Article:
West Hartford’s Kingswood Oxford School performed ‘Sweet Charity’ as this year’s musical.
Submitted by Jackie Pisani, Kingswood Oxford
It’s hard to imagine that Kingswood Oxford’s theater department could top their stellar productions of Thoroughly Modern Millie (2020) and 9 to 5 (2022), which won the Halo Awards Best High School Musical in Connecticut, but indeed it did with a rollicking rendition of Sweet Charity on Feb. 24 and 25, showcasing bravura performances and the extraordinary dancing of its students. Chock full of inventive and invigorating stagecraft, this show was an energizing blend of rousing songs, Fosse choreography, and witty dialogue.
The ebullient Charity, played with effervescence by McKenzie Campbell ‘23 of Canton, is an unlucky-in-love dance hall hostess who yearns to find a good man. After being thrown into the lake by a narcissistic cad, Charlie (Frank Pu ‘23 of West Hartford), whom she splurged with gifts, Charity retreats to the dance hall where her fellow dime-a-dance co-workers entice the customers with detached, come hither propositions in the sizzling number “Hey Big Spender.” Fosse’s iconic dance moves are on full display: the knocked knees, bent arms, artful slouch, and in a tangle of stunningly sultry choreographed moves.
Undeterred, Charity has a chance meeting with Italian heart-throb Vittorio, enhanced by Jacob Mapp’s ‘24 of East Hartford pitch-perfect comedic timing, after he has a row with his paramour, Ursala (Alice McClure ‘23 of West Hartford). Vittorio entertains Charity at the swanky Cafe Pompeii, where they enjoy a quirky, groovy floorshow – perhaps one of the greatest extended dance sequences – impeccably lead with absolute indifferent perfection by Avery Schiff ‘23 of West Hartford, sporting a long high ponytail that acts as a character in an of itself.
Charity and Vittorio head back to his apartment as Charity belts out an anthemic “If They Could See Me Now” and playfully dons Vittioros’s keepsake top hat and walking stick. A remorseful Ursala returns to Vittorio and reconciles while Charity hides in a closet. Back to the dance hall where the duo of Helene (Diya Mistri ‘24 of Enfield) and Nickie (Faith Potter ‘23 of Simsbury) heart-of-gold wise-cracking friends lament their lot in life with their eye on their aspirations in “There’s Gotta Be Better Than This” – a West Side Story-inspired rooftop routine like “America.”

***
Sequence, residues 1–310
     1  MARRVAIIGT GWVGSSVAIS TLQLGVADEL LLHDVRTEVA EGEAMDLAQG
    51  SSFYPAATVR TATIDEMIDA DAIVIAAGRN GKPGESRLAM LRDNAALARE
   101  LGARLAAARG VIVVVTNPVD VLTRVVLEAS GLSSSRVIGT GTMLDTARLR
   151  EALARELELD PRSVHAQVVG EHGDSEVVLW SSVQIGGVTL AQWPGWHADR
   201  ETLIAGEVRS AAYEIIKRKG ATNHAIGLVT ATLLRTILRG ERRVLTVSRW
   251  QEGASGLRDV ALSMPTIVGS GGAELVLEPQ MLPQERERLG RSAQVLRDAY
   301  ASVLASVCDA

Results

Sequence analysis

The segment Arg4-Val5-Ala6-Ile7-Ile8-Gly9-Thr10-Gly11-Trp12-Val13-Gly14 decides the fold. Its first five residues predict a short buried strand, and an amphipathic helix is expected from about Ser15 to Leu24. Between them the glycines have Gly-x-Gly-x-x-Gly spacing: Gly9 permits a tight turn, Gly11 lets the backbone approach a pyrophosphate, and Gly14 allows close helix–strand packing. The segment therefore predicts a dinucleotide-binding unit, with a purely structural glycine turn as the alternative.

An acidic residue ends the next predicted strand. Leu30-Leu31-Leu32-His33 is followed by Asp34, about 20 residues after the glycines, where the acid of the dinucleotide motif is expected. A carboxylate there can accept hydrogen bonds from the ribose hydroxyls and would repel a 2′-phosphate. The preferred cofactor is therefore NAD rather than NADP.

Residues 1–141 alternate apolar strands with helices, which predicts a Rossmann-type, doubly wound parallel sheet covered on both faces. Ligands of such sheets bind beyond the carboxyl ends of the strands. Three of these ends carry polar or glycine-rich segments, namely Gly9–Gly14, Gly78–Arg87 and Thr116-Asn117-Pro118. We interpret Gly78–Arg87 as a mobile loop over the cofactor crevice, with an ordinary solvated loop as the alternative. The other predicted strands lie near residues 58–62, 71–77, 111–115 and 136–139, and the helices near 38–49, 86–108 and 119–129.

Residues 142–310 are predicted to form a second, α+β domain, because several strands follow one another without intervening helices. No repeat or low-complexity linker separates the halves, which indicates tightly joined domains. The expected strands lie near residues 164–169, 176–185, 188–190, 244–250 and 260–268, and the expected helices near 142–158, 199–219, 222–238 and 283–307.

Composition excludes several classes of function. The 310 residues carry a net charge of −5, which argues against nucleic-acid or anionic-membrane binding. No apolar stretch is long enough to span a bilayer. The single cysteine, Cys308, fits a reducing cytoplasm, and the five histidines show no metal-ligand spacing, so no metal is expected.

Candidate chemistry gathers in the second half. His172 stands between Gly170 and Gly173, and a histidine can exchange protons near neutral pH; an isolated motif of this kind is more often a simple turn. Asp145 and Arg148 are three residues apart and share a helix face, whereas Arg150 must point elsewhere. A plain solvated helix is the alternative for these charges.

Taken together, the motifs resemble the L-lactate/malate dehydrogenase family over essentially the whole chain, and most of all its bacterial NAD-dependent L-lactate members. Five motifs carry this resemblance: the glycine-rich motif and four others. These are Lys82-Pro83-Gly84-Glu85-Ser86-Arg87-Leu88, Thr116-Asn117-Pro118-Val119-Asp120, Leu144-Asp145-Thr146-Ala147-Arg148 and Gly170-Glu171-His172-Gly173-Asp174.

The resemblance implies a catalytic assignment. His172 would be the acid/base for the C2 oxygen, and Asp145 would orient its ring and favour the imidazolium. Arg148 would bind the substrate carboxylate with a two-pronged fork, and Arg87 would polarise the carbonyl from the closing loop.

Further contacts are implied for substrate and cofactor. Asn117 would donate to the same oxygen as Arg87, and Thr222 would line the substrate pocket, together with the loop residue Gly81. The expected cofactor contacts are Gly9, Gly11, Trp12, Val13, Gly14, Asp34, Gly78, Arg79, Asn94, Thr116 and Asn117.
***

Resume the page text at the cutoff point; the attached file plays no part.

Act II opens with a meet-cute of Charity and the high-strung Oscar (Luke Roen ‘23 of West Hartford) in an elevator that gets stuck between floors. Charity calms the claustrophobic Oscar, and the embers of their unlikely relationship slowly start to burn, although Charity hides her profession from him, fearing that the buttoned-up Oscar will reject her. They attend a Rhythm of Life church revival under the bridge in NYC replete with hippies and a charismatic preacher Daddy (Zaire Ramiz ‘25 of Farmington), while acolytes fly tie-dye banners and wear bell bottoms.
Despite Charity’s employment, Oscar intends to marry her, and the group assembles in the dance hall for a celebration led by the proprietor Herman (Gordon Beck ‘26 of Tolland), who sings “I Love to Dance at Weddings.” Yet, ultimately, Oscar has cold feet, plagued by the reminder of the former men in Charity’s life. Our unstoppable optimistic Charity rallies in the reprise of ‘If You Could See Me Now,’ accompanied by a marching band’s ingenious use of drum sticks to synchronized pounding effect on the floor as the
No amateur performance here; the production is truly top-tier, which belies the fact that this is a high school performance. The 145-minute production ran briskly with non-stop intensity. Director of Theater Kyle Renolds left it all on the floor in this production, working with Broadway actor and Fosse dancer Stephanie Pope who workshopped some dance routines with the students earlier in the year. The stripped-down set utilized a few key elements to indicate the locale – retro bar, park bench, closet, cafe table, and the back of the stage was dominated by a floor-to-ceiling brass band to stunning effect. This sparseness only highlighted the on-point costuming, performances, and choreography.
Local theater critic Jim Rouoco said, “In staging Sweet Charity, Kyle Reynolds, director of theater at Kingwood Oxford, brings a vigorous, kinetic energy to the production that produces spark and dash from a bygone era laced with plenty of sizzle, razzle-dazzle, smooth talk, irony, humor, and unstoppable juggernaut. Directorially, there’s notable precision and distinctive strength here mixed with the playful timber, motif, character, and facilitated subscription of traditional Broadway musical theatre.
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